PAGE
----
What if zero carbon building became the standard? What would towns look like? Are carbon free homes only for the rich? These questions dominate the news headlines in Great Britain, which is preparing to have all new houses being built to be zero carbon by 2016. The UK government issued the strictest rules in the world on its building industry two years ago and the impact of the new regulations is drastic.
Whether the 2016 deadline is going to be achievable is doubted by both builders and regulators, but a lot of effort is made at making building green. The rest of the world looks on with eager anticipation at how it all unfolds.
In many ways, building is an obvious target for a country that is serious about reducing its greenhouse gas emissions. In the UK’s case the housing sector generates 27% of the national CO2 emissions, 153m tonnes per year. And government officials say that the building sector is relatively easy to overturn, especially if you compare it to other industries such as aviation.
But the construction sector is complaining because builders are faced with both unprecedented building targets as well as the new standards for new homes, which are drawn up in the Code for Sustainable Homes. There’s a lot of unclarity about the practical details of building green. And, even though building a zero footprint house is not something obscured by massive theoretical difficulties, the very scope of the rules is something the industry has never faced before.
Every zero carbon home that’s built still is big news in the papers, even in the national British newspapers, but to give you an indication of what’s going to be happening in the future, just look at the houses on the pictures and imagine their numbers multiplied by a few million.
One thing’s clear; estate agents will now definitely have to add words to their vocabulary when they describe properties. Standard specifications simply don’t stretch to the new eco habitats. Yet it is possible to identify various central features in all zero carbon homes. Most come with triple glazed windows, lots of glasswork facing the south, solar paneling, wind turbines and not to forget the underground drainage tanks.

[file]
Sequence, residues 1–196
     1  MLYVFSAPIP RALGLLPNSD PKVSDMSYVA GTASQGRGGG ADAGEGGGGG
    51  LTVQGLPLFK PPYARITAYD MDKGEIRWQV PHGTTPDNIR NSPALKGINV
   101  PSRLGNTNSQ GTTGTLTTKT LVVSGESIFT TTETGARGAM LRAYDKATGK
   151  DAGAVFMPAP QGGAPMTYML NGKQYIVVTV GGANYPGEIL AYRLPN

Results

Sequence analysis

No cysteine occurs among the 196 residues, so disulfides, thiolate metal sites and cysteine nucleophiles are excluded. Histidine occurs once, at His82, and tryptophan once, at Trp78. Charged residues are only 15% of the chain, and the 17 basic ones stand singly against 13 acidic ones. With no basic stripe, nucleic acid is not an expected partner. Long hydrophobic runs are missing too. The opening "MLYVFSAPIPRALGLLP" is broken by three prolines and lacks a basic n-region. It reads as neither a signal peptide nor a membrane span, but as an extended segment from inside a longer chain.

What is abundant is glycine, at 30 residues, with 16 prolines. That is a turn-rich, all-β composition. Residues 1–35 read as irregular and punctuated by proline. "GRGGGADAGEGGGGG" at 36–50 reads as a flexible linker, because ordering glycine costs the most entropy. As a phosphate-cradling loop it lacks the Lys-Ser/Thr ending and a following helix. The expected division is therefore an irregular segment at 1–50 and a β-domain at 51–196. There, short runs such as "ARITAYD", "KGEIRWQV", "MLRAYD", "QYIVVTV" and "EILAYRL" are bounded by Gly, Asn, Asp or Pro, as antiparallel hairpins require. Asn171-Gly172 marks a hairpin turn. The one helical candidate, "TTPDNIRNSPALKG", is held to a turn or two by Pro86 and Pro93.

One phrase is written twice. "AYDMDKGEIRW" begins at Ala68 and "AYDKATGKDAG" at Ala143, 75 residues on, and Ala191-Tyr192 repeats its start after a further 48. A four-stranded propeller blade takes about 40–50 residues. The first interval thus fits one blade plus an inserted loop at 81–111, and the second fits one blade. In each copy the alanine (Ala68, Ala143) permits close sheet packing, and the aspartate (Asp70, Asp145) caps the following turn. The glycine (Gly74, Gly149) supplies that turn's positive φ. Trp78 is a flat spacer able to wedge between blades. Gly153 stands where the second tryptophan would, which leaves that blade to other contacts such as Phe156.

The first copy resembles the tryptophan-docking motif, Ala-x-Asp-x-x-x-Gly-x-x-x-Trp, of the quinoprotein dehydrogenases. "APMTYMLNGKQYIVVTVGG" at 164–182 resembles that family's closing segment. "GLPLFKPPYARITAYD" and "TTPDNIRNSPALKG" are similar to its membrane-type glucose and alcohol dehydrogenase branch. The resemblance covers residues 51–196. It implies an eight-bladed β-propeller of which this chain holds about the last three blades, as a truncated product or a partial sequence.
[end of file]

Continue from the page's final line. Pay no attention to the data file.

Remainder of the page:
A recent absolute first in terms of materials used was a cork based insulation technique in a new zero carbon house in Surrey (photo on the left). The house’s walls are lined with 45 cm of cork, which not only insulates it perfectly but it also helps to save an important European eco system – the Meditteranean cork oak forests which are under threat because the wine industry is switching from cork to other materials. This is slimming down the forests dramatically and according to WWF UK numbers, the forests are likely to to be gone in only ten years’ time.
A major question people ask is whether green building is more expensive. The easy answer is simply yes. But because the trend is so well established now, you’re almost certain to find good deals because as new methods and products are tried out there’s way more information about what’s on the market. Estimates indicate that building an absolutely zero carbon house increases the price tag of a new building by ¬£36,000 or more than a ‚Äònormal’ house, mostly due to all the new technologies and expertise involved. But the authors of the research report predict that as more eco homes come into being, this is likely to level out.